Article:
November marks the Halifax Examiner’s annual subscription drive — the time of year when we give you a behind-the-scenes look at the Examiner, point out some of the great things about this publication (sometimes people call it a newspaper, which I kind of like), and urge you to please subscribe so we can keep doing this.
At the Examiner, we are primarily known for our news and commentary. But another important aspect of our work is publishing first-person stories that directly bring you the voices of people who get written about, but not often heard.
One of the most moving pieces I’ve read on this site (I will admit to tearing up) is by Demario Chambers, the Black 15-year-old who was violently arrested in Bedford after he complied with a security guard’s order to leave the Sunnyside Mall.
As with much coverage of police mistreatment, some commentators focused on the victim’s behaviour: Why did the kid pull out his phone and start recording the cops? Why did he question them when they tried to arrest him?
Never mind that in a society that sees itself in any way as free there is nothing wrong with these behaviours.
The story is called “My name is Demario Chambers. I’m the 15-year-old who was beat up by the cops at the mall in Bedford. This is my story.” Chambers describes the racism he has faced growing up, and the events of the evening that led to his arrest. Then, he writes:
When I was little, I always wanted to be a cop. I thought they were super heroes. They always seemed so cool to me. When I was younger I always watched cop shows and my mom had bought me a cop outfit. It had a cop hat and badge and of course – handcuffs. Obviously as I got older I wanted to be other things, but being a cop was still always in the back of my mind.
But as I got even older, I saw what the cops were doing to people who look like me and it wasn’t right. And even still I wanted to be one due to the fact that I wanted to make a change in the world. But that night and what those cops who are supposed to serve and protect did to me ruined any hope I ever had of being a cop….
So let me tell you who I really am. My favourite subject is math. I write my very own music. I’ve found that helps me a lot. I get all my inspiration from what I’ve been through in my life, and just day to day living and growth. A lot of people judged me from that day saying that I was just a disrespectful child who was talking back to the police to get a reaction, but that’s so far from the truth. My parents raised me to have manners and respect and to be proud of who I am.
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1. Turn Bloomfield into affordable housing
Jen Powley argues the city should take the $8.7 million it is getting from the federal government and put it towards turning the currently empty Bloomfield Centre into affordable housing. Powley, who ran for council in District 7 in this year’s municipal election, used to work in the centre, and calls its loss “devastating” for the community groups that used it.
Bloomfield is the one piece of municipal property left on the peninsula that could be used for affordable non-market housing. The municipality should develop it using the money the federal government has given. The municipality doesn’t need to buy or pay for the property, it already owns the property. It could use the federal money to pay for the renovation of the old buildings and possibly to construct a new building, or additional floors to the old building and a new elevator if the existing building is found to be structurally sound, whichever is the logical place to start.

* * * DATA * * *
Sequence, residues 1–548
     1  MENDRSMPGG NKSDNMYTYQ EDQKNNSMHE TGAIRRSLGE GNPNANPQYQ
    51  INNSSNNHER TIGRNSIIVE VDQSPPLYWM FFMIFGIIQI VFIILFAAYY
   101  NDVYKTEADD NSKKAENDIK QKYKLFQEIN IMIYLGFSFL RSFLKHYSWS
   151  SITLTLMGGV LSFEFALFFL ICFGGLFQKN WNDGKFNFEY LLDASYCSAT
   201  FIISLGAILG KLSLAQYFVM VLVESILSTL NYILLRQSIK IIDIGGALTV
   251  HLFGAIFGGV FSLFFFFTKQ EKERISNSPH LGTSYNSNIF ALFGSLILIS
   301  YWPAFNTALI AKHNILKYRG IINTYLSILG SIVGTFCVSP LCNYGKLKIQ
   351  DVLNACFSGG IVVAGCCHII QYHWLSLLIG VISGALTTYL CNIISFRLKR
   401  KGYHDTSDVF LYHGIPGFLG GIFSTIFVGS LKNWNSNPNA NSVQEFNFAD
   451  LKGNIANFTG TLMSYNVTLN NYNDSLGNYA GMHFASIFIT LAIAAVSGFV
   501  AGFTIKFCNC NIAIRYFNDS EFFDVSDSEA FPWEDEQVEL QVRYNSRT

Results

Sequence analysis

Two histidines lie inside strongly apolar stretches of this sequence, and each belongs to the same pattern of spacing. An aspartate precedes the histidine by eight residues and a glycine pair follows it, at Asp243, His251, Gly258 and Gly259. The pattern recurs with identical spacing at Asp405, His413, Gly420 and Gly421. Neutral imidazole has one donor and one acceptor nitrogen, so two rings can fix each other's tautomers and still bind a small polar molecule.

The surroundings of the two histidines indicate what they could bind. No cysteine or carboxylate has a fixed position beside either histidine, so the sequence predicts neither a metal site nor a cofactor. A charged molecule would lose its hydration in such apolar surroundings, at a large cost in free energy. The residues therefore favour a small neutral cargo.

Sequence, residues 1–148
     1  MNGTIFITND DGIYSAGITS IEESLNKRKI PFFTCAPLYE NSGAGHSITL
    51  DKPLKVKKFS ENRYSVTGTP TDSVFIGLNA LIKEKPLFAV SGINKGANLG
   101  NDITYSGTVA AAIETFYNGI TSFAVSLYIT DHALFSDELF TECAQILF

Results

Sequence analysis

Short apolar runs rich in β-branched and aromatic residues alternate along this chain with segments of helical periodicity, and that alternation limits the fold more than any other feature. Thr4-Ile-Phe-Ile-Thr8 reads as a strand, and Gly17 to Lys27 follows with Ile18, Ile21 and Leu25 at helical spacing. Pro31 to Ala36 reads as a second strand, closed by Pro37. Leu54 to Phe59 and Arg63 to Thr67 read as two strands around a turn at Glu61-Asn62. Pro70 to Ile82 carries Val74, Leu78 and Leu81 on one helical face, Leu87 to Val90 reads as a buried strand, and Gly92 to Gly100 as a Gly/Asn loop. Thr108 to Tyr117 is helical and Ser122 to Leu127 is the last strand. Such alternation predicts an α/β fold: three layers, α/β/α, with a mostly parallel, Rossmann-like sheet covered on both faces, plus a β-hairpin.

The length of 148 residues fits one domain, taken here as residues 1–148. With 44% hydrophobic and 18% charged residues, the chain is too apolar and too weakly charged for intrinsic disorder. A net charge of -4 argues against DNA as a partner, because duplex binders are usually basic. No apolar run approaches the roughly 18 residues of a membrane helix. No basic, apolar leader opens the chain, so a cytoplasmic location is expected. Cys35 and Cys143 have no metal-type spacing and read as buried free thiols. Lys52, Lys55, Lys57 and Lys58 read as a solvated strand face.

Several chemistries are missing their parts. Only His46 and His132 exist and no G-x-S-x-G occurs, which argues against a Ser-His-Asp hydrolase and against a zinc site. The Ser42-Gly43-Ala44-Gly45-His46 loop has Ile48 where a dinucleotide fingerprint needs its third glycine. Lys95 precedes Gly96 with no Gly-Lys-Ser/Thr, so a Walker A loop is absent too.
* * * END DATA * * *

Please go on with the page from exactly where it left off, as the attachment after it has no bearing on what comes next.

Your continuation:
Regional council has not signed off on the sale of Bloomfield so there is still time for the municipality to decide not to sell…
If the province wants to remain in charge of housing and doesn’t want to give the power for affordable housing to the municipality, why doesn’t HRM sell the property to a non-profit like Imagine Bloomfield or a similar organization for a nominal amount?
When I was on Gottingen Street yesterday, I saw several posters urging action to convince District 8 councillor Lindell Smith to vote against the sale of the property for development.
2. P3s: All the facts… after the fact
The business case report had been kept secret, but is being released now that EllisDon Infrastructure Healthcare has been awarded the contract to build the facility.
“The final Value For Money analysis is based on the final project structure and actual contracted costs with EllisDon,” states the report. “The results confirm that the Province should expect overall lifetime risk adjusted costs of Bayers Lake Community Outpatient Centre to be $35.4 million (14.7%) less through the Design-Build-Finance-maintain arrangement reflected in the Project Agreement than if Bayers Lake was built, financed and operated using the traditional model (the Public Sector Comparator (“PSC”), Construction Management as Agent).”
In making the comparison, Deloitte collected historical data on infrastructure projects led by the province over the last 20 years. From a total of 80 identified construction projects, data was collected for 32 projects. (It’s unclear if the data included the Colchester Hospital, which was built the traditional way and ended up significantly over budget). The combined construction value (in 2018 dollars) for the 32 projects was similar to the total estimated construction value for the Bayers Lake Centre and the Halifax Infirmary Expansion megaproject.
Then comes my favourite part of the story:
Meanwhile, the business case or value for money analysis Deloitte carried out for the Infirmary portion of the QE2 Redevelopment remains top secret.
“We do believe in transparency,” said Paul LaFleche, the deputy minister for the Department of Transportation, Infrastructure, and Renewal in response to a request for that information from MLA Susan Leblanc.
I visited the URL printed on the sign above, and it no longer works. The current site is https://healthredevelopment.novascotia.ca/
Henderson’s story is for subscribers only. Please subscribe.
3. Police review board adjourns longer to allow Jeannette Rogers time to find a lawyer